Yep, just like the kids of Degrassi, what we need are tools for engaging intelligently with media, deciphering its origins and processing it.
(NOTE: After writing this piece, it was brought to my attention by Neil Anderson, president of the Association for Media Literacy and Media Studies Instructor for the Toronto District School Board that, indeed, the presence and significance of media literacy in the halls of Degrassi throughout its many show iterations was very much intentional for Linda Schuyler, Degrassi’s founder and show-runner, who co-founded Ontario’s Associaton for Media Literacy.)
The teen characters on Degrassi: The Next Generation took Media Immersion classes.
I know this because, though in my thirties (and thus far too old to be watching a teen drama) I was an avid viewer of the early seasons of the show — a modern iteration of the Canadian production I’d grown up watching on CBC, the Canadian channel we picked up in my hometown of Buffalo, New York. Media Immersion at Degrassi was about media literacy. Mr. Simpson educated students not only about how to publish a simple web page, but how to decipher and analyze the information they were exposed to everyday.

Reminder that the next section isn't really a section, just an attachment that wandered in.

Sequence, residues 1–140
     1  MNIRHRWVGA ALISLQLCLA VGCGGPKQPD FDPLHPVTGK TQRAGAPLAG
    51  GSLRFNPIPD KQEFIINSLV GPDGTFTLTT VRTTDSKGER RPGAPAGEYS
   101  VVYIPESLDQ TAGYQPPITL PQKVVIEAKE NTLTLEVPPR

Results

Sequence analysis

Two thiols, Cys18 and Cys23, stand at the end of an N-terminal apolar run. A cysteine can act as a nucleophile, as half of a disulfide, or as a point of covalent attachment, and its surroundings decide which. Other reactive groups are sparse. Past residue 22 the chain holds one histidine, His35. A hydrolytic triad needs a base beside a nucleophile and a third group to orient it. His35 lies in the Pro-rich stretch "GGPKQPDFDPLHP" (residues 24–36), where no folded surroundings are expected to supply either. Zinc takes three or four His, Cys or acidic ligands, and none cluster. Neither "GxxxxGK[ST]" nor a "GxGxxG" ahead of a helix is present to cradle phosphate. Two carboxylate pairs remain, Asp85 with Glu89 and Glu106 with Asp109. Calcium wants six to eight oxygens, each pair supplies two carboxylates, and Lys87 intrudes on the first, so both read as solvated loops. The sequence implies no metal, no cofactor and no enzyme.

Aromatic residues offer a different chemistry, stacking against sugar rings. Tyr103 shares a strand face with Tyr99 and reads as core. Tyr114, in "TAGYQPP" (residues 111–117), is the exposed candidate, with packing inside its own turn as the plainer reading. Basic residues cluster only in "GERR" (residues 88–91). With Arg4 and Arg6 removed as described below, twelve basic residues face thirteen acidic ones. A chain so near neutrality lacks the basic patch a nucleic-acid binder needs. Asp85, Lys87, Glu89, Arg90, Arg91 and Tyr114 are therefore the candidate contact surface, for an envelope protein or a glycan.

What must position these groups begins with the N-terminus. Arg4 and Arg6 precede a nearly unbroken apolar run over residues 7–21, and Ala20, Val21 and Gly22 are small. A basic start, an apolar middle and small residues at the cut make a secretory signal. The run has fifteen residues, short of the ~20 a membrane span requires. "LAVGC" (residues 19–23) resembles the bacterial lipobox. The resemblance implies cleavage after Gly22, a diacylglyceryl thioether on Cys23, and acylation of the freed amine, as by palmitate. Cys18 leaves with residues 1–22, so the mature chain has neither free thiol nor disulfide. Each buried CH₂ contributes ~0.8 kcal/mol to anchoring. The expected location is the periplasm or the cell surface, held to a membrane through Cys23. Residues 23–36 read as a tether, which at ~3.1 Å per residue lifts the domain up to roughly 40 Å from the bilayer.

The Canadians get it. Canadian schools have taught kids media literacy for decades. (Here’s a Media Literacy Resource Guide published by the Ontario Ministry of Education in 1989.) If anything, it’s a reminder that unreliable, agenda-driven and sensationalized media has been around for a long time, even before the yellow journalism era of the late 19th century.
The infiltration of U.S. media by Russian information warfare operatives during the 2016 presidential election raised alarm bells for a lot of people who’d never thought about whether or not the media they consume is reliable, whether it is fact or fiction. The Russians also meddled in the UK’s Brexit vote, exploiting social platforms such as Facebook. The reactionary response by Facebook and by governments here and elsewhere has been to implement or call for new rules in an effort to prevent foreign entities from influencing elections.